If this all feels a bit alien to you, having the support of a coach to guide you through it can make the world of difference and help you on your journey to better emotional intelligence.

  1. Embrace feedback as fuel for growth

As Bill Gates once said, “We all need people who give us feedback. That’s how we improve.” Feedback might feel uncomfortable at first (we all like to think we’re perfect!), but the truth is there is always room for us to get better – even those at the top of their game.

And it’s through getting an outside perspective that helps us see things that we might have missed ourselves.

Seek out feedback from the people who know you best – whether that’s your mentors, peers or trusted friends. Those who really care most about you will be able to give you the feedback you need honestly and constructively. They’re the people who want to see you growing and thriving.

Having honest insights to guide you can be like gold dust, guiding you towards the areas you’ve missed so you can shine brighter. Don’t see feedback as a criticism when in fact it’s one of the greatest gifts someone can give you.

  1. Walk a mile in someone else’s shoes

It really helps, especially in times of conflict or disagreement, to put yourself in the other person’s shoes and try to understand their perspectives, feelings and motivations.

It’s all too easy to retaliate and defend your point, but next time you find yourself in a situation like this, just pause for a moment and actively listen to the other person’s concerns. In conflict, tensions rise because no one feels like they are being listened to so by actively listening to another person’s concerns and acknowledging that you’ve heard them, you can help validate their emotions, and show genuine compassion and understanding.

Practise active listening wherever you can. Put down your phone, look people in the eye and truly absorb what they’re saying. 

You’ll be amazed at the depth of connection you can forge when you give someone your undivided attention.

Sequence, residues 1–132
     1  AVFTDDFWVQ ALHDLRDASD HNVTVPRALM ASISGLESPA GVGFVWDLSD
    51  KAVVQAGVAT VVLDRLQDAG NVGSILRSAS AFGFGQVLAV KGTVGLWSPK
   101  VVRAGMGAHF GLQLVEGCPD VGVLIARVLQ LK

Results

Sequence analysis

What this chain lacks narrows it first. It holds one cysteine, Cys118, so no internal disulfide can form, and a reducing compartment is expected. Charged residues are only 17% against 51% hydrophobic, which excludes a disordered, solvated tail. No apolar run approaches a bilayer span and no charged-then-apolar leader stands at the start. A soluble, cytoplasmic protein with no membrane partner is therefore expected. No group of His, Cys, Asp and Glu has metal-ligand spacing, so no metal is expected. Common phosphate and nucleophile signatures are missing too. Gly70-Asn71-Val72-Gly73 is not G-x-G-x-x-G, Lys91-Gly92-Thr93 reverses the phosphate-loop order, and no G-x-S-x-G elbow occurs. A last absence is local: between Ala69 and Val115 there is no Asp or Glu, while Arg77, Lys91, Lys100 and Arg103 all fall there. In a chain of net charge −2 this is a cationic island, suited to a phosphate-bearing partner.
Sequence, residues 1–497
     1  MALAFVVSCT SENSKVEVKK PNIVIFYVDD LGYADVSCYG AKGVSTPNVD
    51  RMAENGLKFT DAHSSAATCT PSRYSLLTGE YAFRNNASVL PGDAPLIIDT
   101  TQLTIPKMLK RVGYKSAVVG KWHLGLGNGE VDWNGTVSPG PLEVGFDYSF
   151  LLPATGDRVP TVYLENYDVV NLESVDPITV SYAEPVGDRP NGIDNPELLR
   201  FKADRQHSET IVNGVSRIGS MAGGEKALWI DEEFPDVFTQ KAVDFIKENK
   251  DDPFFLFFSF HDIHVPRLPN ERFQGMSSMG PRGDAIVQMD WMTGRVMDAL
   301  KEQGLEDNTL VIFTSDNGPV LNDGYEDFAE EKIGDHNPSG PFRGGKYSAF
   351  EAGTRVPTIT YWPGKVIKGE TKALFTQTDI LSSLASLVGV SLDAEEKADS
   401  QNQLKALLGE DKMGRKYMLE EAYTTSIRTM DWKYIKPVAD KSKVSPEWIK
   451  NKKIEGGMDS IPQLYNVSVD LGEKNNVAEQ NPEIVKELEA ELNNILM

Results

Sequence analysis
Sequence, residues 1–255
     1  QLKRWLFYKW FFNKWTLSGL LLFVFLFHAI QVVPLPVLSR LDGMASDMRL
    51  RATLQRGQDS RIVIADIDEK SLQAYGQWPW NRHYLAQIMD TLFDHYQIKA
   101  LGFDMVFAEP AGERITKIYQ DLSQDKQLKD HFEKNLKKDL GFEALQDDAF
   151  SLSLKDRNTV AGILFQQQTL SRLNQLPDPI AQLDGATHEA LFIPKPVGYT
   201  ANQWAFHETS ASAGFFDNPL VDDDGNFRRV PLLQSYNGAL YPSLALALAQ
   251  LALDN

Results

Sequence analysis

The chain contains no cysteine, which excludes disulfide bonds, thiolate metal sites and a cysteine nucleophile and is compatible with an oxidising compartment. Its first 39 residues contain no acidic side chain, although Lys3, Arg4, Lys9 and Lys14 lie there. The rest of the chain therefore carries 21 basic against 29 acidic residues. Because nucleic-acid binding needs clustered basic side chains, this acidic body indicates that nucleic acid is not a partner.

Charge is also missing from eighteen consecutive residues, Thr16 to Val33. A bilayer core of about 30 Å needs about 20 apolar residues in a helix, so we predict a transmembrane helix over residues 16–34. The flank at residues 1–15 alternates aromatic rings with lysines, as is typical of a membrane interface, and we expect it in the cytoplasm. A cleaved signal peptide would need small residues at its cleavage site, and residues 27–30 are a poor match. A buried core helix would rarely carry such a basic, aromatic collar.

Try not to see conflict as being all about “winning” the argument. Instead, see it as working through differing perspectives and seeing the situation from all angles so that both parties can come to a resolution together.

  1. Foster positive relationships

Investing time and effort in building and nurturing positive relationships with others is never time wasted. By building strong relationships, you’ve always got a vital network of support for when things get challenging on the entrepreneurial journey.

Whoever you’re dealing with, try and make the most positive impact on them you can. When you meet someone, are you truly showing up in a way that resonates positively? Align your energy with your intentions – if you want people to feel positively about you, make sure that’s reflected in what you say and do. With everyone you meet, make them feel as though they’re the only person in the room. 

Taking a more intentional approach like this not only deepens your understanding of people whom you might genuinely want to work with, but it also sets the stage for creating authentic connections. These are the sort of connections that will truly stand the test of time and bring with them so many valuable opportunities for everyone involved.

It’s not about how many people you connect with. It’s about how meaningful those connections are.

  1. Lead by example

There’s a great quote by Albert Schweitzer that says: “Example is not the main thing in influencing others. It’s the only thing.”

As an entrepreneur and business leader, if here are behaviours and qualities that you wish to see in others then you’ll want to be able to demonstrate these yourself and to lead by example. Show vulnerability, humility and authenticity if you want to create an environment that values emotional intelligence and empathy.

When you lead from the heart, you inspire others to do the same – and this creates a ripple effect of positive changes.

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In Conclusion

So there you have it – a roadmap unlocking the power of emotional intelligence for your journey as an entrepreneur. 

Because it’s never just about building a successful business. It’s also about building a life filled with purpose, passion and connection.

If this topic has really intrigued you and you want some more help developing your own emotional intelligence, then I’d be more than delighted to help. Get in touch and together, we can explore how emotional intelligence can elevate your entrepreneurial game, unlock new levels of success and ultimately bring more joy and fulfilment to your life.

And if you have your own thoughts you’d love to share – well, then I’d love to hear them! Share your own perspectives on my Instagram and let’s inspire others to embrace their emotions, build more meaningful connections and create a positive environment that allows everyone to thrive and be their best.